The graphic novel gave none of that, earning barely ★★½ but the full tale was great, easily earning ★★★★!

Now I might even read Book 2!
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LibraryThing member Tyllwin
Miss Peregrine's Home for Peculiar Children is an illustrated YA novel. The first thing I noticed is that this Quirk Press volume is, physically, a very nice book, right down to the attractive end papers. I wish more publishers would take this care. I would have called this book in the paranormal genre, but since that's now synonymous with "vampires," let's call this one "modern fantasy."

In the publisher's descriptions, much is made of the integration of many photographs with the text. I think that's a bit overstated. The photos are an interesting and appropriate group of illustrations, but they're far from essential. Since some of the photos are nicely creepy, I very much prefer it with the photos, but you could conceivably publish an edition without them.

The basic plot of the book is that Jacob Portman wishes to investigate the mysterious death of his grandfather, using some photographs as the first clue. Along the path of his investigation, he runs across other photos, all of which are reproduced. His search will lead him to a remote Welch Island, and involvement with the paranormal. It's clearly the first book in a series, coming to a good stopping point, not an ending, at the close of the book.

It's an enjoyable enough read, suffering from one main flaw, that being that it's almost entirely plot-driven. Only Jacob himself is drawn with any depth. The rest of the characters are only lightly sketched in, and the underlying mythology isn't a very solid one. Even the setting isn't as fully realized as it might be. That said, the plot is a fun one, with enough darker elements to keep it from being syrupy, and I'd give this book a solid "B."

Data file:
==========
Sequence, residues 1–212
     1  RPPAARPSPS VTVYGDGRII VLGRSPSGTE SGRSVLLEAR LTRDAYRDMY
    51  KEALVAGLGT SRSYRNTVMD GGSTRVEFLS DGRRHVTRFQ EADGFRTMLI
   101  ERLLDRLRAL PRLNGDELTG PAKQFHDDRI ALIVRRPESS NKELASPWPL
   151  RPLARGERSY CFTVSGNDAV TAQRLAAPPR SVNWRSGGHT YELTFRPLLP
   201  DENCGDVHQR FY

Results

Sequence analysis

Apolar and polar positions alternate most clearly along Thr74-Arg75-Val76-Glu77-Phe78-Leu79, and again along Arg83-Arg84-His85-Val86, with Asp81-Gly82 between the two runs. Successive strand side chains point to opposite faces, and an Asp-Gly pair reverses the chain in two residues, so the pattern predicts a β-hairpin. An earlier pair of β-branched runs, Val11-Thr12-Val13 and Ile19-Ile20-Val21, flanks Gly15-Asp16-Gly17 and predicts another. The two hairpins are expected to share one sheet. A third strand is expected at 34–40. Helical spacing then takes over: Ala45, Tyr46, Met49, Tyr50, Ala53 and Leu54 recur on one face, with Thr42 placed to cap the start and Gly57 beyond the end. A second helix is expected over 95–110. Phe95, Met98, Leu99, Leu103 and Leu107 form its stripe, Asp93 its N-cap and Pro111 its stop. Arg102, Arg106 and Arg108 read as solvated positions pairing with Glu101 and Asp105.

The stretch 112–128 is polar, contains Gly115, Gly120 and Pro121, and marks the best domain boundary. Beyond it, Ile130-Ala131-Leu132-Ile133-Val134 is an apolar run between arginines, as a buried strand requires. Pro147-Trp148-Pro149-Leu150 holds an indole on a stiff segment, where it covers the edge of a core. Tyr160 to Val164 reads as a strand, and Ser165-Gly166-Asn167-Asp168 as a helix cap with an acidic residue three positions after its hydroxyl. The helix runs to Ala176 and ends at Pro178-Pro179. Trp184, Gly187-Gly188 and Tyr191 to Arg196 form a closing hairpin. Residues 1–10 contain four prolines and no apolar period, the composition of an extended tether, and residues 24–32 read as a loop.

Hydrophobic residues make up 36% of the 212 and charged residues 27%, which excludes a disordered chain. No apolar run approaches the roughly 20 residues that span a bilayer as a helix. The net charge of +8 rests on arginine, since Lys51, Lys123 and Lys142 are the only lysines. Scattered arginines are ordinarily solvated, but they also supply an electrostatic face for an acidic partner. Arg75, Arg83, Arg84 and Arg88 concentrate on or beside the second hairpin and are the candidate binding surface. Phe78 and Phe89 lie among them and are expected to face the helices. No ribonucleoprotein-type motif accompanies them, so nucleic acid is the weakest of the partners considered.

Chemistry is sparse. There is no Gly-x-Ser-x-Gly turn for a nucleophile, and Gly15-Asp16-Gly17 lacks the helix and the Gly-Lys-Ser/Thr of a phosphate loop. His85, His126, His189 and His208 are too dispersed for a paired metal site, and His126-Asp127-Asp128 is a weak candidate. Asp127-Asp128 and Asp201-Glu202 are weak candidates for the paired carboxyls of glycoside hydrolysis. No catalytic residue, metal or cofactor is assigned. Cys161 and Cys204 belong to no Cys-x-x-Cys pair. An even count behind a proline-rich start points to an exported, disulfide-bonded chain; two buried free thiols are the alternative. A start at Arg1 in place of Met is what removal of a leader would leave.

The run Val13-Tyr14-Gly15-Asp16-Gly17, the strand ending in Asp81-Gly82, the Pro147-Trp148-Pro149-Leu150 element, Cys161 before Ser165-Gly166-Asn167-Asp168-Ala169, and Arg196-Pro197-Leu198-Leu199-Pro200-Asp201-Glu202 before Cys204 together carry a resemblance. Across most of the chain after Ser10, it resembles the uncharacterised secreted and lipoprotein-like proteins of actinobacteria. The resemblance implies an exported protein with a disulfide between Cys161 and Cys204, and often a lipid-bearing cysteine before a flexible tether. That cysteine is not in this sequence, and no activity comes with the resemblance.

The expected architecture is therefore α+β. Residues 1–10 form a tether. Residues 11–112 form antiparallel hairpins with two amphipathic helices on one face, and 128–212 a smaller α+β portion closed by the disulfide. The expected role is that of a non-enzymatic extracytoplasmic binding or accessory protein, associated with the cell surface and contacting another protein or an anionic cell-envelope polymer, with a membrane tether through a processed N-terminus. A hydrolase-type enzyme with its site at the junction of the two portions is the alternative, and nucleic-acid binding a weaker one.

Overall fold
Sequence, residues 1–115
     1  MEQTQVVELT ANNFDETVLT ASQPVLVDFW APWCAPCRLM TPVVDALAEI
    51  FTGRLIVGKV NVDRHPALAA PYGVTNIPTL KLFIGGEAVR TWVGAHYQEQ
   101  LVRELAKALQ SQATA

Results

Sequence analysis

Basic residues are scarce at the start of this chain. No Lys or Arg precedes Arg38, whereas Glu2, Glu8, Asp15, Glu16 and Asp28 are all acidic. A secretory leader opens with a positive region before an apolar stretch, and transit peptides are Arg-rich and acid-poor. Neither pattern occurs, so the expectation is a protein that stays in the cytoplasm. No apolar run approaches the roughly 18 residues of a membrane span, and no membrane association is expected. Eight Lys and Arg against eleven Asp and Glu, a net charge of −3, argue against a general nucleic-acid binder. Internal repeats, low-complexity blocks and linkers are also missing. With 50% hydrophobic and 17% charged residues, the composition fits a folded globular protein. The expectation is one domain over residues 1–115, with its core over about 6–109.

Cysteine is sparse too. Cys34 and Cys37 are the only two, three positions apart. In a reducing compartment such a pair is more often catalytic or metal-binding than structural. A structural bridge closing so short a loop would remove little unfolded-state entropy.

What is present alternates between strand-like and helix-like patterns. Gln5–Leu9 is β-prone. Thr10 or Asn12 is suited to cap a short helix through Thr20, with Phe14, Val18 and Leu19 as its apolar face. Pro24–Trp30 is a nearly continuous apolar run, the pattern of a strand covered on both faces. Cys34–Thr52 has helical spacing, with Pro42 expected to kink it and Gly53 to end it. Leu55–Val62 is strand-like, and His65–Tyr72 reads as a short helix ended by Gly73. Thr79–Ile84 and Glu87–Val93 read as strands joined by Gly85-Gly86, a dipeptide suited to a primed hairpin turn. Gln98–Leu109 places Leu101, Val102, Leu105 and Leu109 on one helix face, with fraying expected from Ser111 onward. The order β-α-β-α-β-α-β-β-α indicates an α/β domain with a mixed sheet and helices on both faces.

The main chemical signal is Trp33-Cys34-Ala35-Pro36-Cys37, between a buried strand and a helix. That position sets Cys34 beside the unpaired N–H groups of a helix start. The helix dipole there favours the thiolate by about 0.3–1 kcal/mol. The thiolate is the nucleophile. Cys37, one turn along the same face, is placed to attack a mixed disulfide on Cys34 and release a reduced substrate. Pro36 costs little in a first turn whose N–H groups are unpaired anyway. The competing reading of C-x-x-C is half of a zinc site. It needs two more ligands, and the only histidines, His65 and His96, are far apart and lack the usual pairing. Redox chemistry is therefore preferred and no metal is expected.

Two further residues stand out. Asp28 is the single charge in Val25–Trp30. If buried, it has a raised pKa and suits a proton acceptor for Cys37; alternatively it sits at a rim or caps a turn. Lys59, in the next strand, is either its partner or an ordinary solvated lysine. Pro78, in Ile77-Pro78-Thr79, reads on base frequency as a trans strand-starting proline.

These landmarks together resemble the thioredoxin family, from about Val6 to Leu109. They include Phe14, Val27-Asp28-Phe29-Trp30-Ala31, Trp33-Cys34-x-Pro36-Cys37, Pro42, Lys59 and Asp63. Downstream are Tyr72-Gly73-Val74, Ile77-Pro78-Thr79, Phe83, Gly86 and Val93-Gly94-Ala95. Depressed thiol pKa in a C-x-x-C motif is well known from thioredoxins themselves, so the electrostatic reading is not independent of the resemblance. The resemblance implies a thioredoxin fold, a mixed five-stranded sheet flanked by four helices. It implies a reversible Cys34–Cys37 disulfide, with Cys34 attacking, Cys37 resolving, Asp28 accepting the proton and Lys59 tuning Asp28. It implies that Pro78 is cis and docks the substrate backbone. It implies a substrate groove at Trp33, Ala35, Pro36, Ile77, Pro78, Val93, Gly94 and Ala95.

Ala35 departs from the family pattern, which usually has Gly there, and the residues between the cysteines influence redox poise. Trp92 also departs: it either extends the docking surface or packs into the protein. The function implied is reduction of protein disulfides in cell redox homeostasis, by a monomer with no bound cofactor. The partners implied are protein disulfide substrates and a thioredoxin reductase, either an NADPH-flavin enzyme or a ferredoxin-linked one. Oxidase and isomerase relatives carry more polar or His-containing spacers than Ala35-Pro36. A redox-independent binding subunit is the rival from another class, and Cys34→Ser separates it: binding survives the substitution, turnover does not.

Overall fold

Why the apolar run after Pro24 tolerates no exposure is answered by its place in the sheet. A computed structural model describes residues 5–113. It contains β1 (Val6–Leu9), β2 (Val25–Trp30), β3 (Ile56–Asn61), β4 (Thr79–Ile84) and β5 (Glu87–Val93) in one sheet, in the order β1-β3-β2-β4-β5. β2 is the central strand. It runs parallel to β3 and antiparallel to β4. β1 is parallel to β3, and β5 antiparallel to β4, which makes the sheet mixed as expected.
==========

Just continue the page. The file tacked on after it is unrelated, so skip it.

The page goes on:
(Disclosure: Review copy was provided to me free as a part of LTER)
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LibraryThing member Ellesee
This has become one of my newest favs in the YAL genre! Jacob Portman grew up hearing his grandfather's strange stories about children with "peculiar" abilities living on an island off the coast of Scotland. At first, he believed these unreal tales of a girl who floated, a boy who could lift great weights, another girl with a "backward mouth" and many others with unbelievable abilities. His grandfather, Abe, provided photos as "evidence" which fascinated the impressionable Jacob until his belief in his grandfather's stories began to collide with his familial and social realities.

As a teen, Jacob began to wonder about his grandfather's ability to discern reality, he saw the photos his grandfather so carefully preserved as "fake" and although he loved his grandfather very much, he could not allow himself to believe the old man's stories and survive in his school and family environment.

A phone call changes his life forever. His grandfather calls while Jacob is at work. He can't find the key to his gun cabinet. The monsters are after him. Jacob thinks his grandpa is having an "episode" caused by his WWII experiences, but takes off to check on him anyway. His grandfather is missing, so Jacob takes off on a trail behind the old man's house to see if he wandered off. The dark and shadows make it difficult to see, but soon the young man stumbles upon the dying body of his grandfather, who with his last breath gives him a message, "Find the bird. In the loop. On the other side of the old man's grave. September third, 1940."

At the scene Jacob swears he sees a shadowy, tentacle-mouthed creature lurking just beyond the trees, but the coroner claims Abe Portman was killed by wild dogs. What he has seen and what he's "supposed" to believe send Jacob into a mental tailspin and only when his new psychiatrist, Dr. Golan, recommends he visit the island his grandfather spoke about so fondly does Jacob begin to learn the truth--about his grandfather, himself and world that has been kept hidden for much too long.